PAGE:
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I’m 27 years old, and I have never left the continent.
I never realized this was a big deal — my mother only left the continent for the first time at 59. Growing up in rural Ontario, “travel” meant eight-hour drives in a Ford Aerostar to Ottawa, Sudbury and Wawa, Ontario. There were occasional trips to the U.S., mostly through my dance studio, but most travel meant visiting my grandparents in Cobalt, ON. I was never under the delusion that I was worldly — but I never thought of myself as “poor in spirit” for my lack of travel. Now, in my late 20s, my lack of travel has become a point of insecurity, thanks in large part to others.
I live in Toronto, one of the most diverse cities in terms of not only culture, but also wealth. I have friends who have emigrated to Canada under less-than-ideal circumstances, but others who grew up as private school kids shuttling off to destination vacations for spring break, being given trips to Paris for their birthdays like it was nothing. But even among my friends who grew up in decidedly middle-class circumstances not unlike my own, I am the odd one out. My partner was born in the U.K., my best friend lived in Geneva for two years, and many (if not most) of my co-workers have either lived in or grown up in other countries.
I’ve seen my friends — and not just the private school types — clutch their pearls when they find out that I’ve never left North America. The most frequent reaction I get is fascination that I’ve never made a type of pilgrimage to my “motherland” of France, despite my ancestors coming to Canada back in the 1600s (when it was known as New France).
When I started working as a business reporter, I was given the opportunity to do a bit of travelling, mostly to L.A. My humble family labelled me their “jet-set” girl because I flew to the U.S. on a plane approximately five times in my first year on the job. The experience was certainly refreshing, but I regarded it as more of a fun, challenging work task than a major eye-opener.
Earlier this year, a position at my company opened up that would involve far more international travel than my current one. Professionally, it was a reasonable step up for me, and the travel was undeniably an appealing aspect. But when my company restructured in the middle of my application process, I instead was moved to a magazine that would involve even less travel than my former position. Was I disappointed? Of course — there was (and still is) a small, taunting voice in my head reminding me that I don’t get to join my colleagues and friends in Cannes, D.C., and London.
But much like my experiences in Los Angeles, I had to focus on the practical aspects: I had a new job, and it was time to focus on it. I tell myself I’m secure in how I’ve ended up 27 and never being on a flight longer than five hours, swimming in the ocean, seeing the Louvre, or getting lost in a foreign city. But I have questioned that security occasionally, considering how much of a problem everyone else seems to have.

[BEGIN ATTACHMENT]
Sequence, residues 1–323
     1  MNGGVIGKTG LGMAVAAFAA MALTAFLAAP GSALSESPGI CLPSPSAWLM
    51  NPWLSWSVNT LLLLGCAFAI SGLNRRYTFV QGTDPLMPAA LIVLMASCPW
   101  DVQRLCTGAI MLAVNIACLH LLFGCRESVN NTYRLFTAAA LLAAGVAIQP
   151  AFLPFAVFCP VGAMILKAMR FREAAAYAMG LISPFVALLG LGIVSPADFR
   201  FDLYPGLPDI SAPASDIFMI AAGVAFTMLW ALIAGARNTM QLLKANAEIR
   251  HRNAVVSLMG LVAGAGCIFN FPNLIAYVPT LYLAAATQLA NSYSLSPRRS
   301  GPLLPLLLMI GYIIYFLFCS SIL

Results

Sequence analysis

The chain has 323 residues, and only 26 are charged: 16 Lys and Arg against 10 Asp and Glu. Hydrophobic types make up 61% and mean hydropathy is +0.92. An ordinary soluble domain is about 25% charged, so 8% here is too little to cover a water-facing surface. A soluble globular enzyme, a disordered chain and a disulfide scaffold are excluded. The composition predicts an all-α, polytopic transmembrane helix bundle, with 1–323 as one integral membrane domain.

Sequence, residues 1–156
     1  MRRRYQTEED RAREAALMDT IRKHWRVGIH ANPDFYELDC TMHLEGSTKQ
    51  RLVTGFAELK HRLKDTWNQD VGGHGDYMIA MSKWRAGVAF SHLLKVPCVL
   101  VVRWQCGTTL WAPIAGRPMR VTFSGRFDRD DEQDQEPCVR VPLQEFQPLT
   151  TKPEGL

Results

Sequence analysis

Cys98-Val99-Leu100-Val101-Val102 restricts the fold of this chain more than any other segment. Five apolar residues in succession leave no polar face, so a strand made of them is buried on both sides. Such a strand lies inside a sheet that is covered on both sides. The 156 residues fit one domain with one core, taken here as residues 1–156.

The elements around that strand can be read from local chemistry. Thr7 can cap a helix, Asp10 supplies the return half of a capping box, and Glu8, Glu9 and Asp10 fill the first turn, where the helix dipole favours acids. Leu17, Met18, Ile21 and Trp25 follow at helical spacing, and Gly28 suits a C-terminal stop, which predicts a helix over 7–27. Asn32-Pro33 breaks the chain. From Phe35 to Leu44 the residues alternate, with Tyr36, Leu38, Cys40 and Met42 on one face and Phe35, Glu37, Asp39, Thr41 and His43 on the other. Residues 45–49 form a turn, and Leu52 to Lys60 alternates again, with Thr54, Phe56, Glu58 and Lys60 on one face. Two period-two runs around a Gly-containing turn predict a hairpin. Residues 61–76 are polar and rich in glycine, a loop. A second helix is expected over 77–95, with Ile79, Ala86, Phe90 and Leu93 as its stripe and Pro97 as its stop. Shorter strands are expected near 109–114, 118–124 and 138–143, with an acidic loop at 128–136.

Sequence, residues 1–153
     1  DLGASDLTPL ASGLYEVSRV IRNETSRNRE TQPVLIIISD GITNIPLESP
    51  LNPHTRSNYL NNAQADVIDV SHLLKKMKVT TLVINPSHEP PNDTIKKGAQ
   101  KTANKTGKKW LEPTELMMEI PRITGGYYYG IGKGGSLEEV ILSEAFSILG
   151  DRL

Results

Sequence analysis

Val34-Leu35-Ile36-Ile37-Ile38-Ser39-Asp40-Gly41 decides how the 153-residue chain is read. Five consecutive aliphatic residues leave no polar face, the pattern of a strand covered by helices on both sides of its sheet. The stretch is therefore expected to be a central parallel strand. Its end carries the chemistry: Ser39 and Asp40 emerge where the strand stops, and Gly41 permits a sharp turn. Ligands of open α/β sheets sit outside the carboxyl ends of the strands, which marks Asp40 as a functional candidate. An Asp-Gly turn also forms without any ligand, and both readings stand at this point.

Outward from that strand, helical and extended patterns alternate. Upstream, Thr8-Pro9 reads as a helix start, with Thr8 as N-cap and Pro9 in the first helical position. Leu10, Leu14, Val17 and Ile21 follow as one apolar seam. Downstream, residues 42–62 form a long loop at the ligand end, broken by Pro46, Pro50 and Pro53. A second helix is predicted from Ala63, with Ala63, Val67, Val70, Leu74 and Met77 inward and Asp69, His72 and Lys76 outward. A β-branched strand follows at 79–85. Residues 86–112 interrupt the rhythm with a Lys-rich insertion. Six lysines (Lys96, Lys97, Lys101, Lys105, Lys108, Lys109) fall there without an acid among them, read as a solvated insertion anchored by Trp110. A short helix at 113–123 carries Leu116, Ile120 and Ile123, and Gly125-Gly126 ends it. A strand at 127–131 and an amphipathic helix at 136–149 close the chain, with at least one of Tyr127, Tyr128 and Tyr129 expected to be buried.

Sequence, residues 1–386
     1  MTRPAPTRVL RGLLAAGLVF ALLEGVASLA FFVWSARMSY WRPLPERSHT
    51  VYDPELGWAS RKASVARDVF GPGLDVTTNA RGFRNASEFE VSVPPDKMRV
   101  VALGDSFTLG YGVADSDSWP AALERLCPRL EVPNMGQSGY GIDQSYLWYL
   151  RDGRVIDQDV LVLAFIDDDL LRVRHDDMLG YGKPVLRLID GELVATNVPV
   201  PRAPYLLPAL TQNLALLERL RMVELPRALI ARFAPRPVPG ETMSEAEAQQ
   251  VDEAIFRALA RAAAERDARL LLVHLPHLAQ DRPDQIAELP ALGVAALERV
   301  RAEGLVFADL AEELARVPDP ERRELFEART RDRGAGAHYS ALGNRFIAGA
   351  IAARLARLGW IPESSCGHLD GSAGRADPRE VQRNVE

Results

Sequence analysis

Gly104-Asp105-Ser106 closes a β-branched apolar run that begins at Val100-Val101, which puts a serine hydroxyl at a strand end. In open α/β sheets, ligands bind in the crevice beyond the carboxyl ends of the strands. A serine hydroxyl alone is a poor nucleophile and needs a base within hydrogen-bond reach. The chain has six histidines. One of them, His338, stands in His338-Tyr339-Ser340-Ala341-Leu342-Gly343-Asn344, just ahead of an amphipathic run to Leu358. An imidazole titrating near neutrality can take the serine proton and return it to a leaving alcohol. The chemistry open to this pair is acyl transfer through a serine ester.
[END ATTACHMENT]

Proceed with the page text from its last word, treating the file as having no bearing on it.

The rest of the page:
It’s not just that I’m constantly told I’m missing out — it’s that travel is regarded as a solution to everything in my life. When I told a friend I was having trouble in my relationship a few years ago, his suggestion was for me to travel and gain new perspective. When I mentioned to a co-worker that I was having trouble managing stress at work, they suggested I simply “buy the cheapest plane ticket to Europe [I] could find and just spend two weeks doing whatever.”
When I expressed to a work friend that I felt like others looked down on me for having not travelled, his response was to say, “Hey, you can go to Iceland right now for $300 round trip,” not realizing that this was a solution to a problem completely different than my own.
I’ve seen the inspirational listicles about how to backpack on less than $50 per day, or the condescending Facebook photos about how if I took leftovers instead of buying lunch, I could save enough for a plane ticket in 40 days. The problem with a lot of these messages is they treat travel like an essential part of your development as a good, healthy-minded person. I have no problem taking leftovers instead of my lunch — I do so most days. But it’s not because I’m saving my dollars for some semi-spontaneous trip to Southeast Asia or New Zealand in the hopes that I come back a changed woman. I take leftovers because it’s financially practical.
In my own experience, I have always seen travel as a luxury that would require sacrifice in some other area. Sure, I could have gone on my high school’s annual Europe trip, but that would have meant not taking dance classes for the year. In university, I could have applied for a few more scholarships to save some money to study abroad for a semester, but I couldn’t handle the headache of having to sublet my apartment in a college town full of sublet ads, quit the part-time job I depended on, and then have to stay an extra semester to make up for the credits that wouldn’t transfer over.
But, you know, experience.
I realize my own personality flaws come into play at some point — I’m a worrier, and I can’t simply convince myself to silence that nagging voice in the back of my head. When my credit card bill has been a bit steep in the past few months, the idea of spending even a couple hundred dollars on a plane ticket is enough to give me a full-blown panic attack, one that a trip to New Zealand won’t fix.
Maybe I’m wrong. I’m fully willing to accept the possibility that travel will offer me far more of a long-term satisfaction than short-term, and that one day when I do get around to booking that ticket to Reykjavik, I’ll tell myself that I was simply being closed-minded and not enough of a risk-taker.
But in the meantime, if others could stop acting like going to Reykjavik makes them wiser than me, that would be great.